SAM FINLEY TO WORTHINGTON
Chillicothe Decemb 13th 1811
Your attention, as well as of your associates, to the peculiar situation of our State, is very pleasing, and merits our acknowledgments. We are certainly in a very defenceless condition; without arms - without discipline, indeed without every re- source except numbers: but what will numbers avail without arms unless in the posses- sion of them. I am assured that men will never be brought to a knowledge of military duty by the use of Clubs and Cornstalks, which you know to be the usual Substitutes i; the Muster field. Had our men arms in their hands they might be instructed - Measures might be adopted to enforce discipline We know not how soon we may be called upon to defend our borders. These men must take arms with them; of course, the arms being go the interior is left defenseless -
Captain Tabb, who you are well acquainted with understanding an additional force is about to be added to the present regular army, has Solicited me to write you in his favor. He wishes the command of a Company in the levies about to be raised. As my knowledge of him is limitted to his residence in this place it would be improper in me to recommend him, but your knowledge of the man is of an early date and you can with propriety either recommend him or not as to you may seem good. He is an active like man and say he is well acquainted (to use his phraseology) with military tactick I do not know whether he has ever been in Service, or if his knowledge of Tacticks is limitted only to field exercises.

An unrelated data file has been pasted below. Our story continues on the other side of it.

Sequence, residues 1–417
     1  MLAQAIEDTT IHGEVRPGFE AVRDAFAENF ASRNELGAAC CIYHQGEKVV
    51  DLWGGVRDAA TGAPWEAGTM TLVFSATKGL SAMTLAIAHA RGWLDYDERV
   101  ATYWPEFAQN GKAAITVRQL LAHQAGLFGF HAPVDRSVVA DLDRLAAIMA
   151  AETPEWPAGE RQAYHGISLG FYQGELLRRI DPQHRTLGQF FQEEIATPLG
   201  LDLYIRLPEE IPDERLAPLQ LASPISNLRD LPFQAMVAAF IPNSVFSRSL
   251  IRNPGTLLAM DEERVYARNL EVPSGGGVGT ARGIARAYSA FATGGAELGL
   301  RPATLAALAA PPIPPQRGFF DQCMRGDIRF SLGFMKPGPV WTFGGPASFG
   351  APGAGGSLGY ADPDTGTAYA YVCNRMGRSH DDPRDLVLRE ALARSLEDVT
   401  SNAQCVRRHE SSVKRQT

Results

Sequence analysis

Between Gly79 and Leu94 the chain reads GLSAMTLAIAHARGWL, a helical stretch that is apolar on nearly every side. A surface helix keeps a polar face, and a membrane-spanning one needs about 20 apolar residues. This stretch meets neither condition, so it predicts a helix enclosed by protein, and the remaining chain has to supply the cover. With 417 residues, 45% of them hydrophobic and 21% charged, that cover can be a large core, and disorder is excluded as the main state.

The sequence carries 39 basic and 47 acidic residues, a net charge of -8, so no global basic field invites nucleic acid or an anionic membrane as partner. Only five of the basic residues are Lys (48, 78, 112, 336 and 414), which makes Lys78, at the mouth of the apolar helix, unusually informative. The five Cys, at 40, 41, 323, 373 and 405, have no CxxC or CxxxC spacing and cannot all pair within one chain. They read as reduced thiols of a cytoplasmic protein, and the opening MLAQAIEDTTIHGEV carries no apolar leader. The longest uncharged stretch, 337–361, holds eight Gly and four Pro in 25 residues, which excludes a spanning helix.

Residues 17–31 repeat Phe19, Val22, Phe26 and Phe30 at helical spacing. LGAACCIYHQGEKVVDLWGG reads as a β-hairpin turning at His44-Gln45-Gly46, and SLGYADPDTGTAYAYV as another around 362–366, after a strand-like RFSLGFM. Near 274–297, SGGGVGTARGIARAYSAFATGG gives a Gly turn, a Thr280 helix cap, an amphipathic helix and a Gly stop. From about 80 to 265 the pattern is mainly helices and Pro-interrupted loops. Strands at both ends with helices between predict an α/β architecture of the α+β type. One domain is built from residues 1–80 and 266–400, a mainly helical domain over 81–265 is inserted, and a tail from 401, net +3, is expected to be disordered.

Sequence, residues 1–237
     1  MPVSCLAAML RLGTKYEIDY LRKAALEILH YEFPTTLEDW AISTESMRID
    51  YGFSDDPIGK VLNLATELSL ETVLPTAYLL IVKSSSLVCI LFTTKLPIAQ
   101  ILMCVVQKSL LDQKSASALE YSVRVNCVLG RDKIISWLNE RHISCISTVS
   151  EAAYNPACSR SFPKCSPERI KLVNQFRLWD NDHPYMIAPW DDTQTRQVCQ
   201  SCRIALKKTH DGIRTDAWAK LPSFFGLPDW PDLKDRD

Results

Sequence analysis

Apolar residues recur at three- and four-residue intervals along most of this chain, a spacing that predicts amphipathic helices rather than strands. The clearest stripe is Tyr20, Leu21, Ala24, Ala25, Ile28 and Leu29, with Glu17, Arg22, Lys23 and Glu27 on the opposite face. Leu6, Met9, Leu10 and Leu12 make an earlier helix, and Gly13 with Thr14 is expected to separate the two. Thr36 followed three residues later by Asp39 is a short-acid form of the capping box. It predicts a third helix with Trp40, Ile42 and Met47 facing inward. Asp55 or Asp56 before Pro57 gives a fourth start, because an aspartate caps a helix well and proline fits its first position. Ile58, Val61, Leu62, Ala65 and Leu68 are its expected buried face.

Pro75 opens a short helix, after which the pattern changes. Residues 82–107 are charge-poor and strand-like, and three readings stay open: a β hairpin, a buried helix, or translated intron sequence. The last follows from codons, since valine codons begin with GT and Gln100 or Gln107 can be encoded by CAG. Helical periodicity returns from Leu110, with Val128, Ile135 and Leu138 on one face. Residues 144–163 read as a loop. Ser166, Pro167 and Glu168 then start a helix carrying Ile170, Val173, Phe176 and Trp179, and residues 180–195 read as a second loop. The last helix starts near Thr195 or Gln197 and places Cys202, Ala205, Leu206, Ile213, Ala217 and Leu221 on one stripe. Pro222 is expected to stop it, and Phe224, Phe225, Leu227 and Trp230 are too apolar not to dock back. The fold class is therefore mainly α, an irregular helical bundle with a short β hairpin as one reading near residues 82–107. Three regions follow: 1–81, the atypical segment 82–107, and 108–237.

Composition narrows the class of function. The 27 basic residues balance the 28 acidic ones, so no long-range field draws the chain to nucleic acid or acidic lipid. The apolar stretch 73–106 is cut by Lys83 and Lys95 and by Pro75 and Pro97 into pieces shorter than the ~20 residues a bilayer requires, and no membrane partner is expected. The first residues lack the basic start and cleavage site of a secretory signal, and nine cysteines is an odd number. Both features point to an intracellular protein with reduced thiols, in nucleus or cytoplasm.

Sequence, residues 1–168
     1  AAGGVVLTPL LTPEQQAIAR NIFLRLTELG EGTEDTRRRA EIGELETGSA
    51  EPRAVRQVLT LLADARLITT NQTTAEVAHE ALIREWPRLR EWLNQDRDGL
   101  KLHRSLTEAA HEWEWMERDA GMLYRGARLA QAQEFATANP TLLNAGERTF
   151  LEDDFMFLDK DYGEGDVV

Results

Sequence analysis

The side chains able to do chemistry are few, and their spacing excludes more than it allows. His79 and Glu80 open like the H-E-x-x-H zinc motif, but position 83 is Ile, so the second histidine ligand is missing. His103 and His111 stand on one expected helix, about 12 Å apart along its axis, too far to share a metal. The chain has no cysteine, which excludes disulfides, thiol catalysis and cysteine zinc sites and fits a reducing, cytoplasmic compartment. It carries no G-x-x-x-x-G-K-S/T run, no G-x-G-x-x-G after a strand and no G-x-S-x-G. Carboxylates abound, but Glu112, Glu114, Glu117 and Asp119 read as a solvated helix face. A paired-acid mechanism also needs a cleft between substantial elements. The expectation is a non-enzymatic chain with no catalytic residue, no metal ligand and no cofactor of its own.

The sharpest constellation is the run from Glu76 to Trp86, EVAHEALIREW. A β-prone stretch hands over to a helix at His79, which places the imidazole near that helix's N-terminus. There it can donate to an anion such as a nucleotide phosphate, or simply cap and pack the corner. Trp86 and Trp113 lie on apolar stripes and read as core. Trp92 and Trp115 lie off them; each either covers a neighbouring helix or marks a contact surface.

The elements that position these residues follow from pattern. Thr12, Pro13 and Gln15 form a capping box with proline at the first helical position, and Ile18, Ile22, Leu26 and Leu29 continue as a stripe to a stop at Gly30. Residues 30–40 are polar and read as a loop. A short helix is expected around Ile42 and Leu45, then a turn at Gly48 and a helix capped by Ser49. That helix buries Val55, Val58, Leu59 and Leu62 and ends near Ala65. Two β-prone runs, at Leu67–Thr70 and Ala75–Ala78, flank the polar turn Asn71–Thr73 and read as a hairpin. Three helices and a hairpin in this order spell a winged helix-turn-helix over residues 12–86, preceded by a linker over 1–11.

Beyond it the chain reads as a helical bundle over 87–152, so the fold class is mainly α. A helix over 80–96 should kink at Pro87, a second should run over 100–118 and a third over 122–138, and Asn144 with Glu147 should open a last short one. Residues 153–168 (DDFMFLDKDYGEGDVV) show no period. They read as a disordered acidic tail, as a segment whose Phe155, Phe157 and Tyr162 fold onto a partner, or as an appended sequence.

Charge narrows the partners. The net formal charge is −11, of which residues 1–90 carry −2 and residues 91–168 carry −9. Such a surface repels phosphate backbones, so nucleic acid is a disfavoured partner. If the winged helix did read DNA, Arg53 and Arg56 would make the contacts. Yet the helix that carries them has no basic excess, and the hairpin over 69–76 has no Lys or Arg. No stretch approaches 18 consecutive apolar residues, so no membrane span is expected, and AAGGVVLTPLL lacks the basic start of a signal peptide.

I have lifted Henry Massies Obligation on you and Shall next week transmit a Check to Henry Maker for the Amount of his agreeably to instructions just received from him
Mr. Horseys power of Attorney, tho' not in the express words of our [illeg.] embraces the Substance and will be admitted We have no further news from the Indians on our side the river. On the other, it is said they have dispersed the road cutters after killing 17 or 18 of them. This wants confirmation. My family have experienced much sickness. Martha & [illeg. ] were confiened for 9 or 10 days They are better and I trust will be soon restored. I understand your little Boys are well Mrs. Finely sends her best respects to Mrs. Worthington. remember me to Messrs. Campbell and Morrow. I wish you health and prosperity.
I am Dr. Sir, very respectfully your Obedt Servant
General Thos. Worthington
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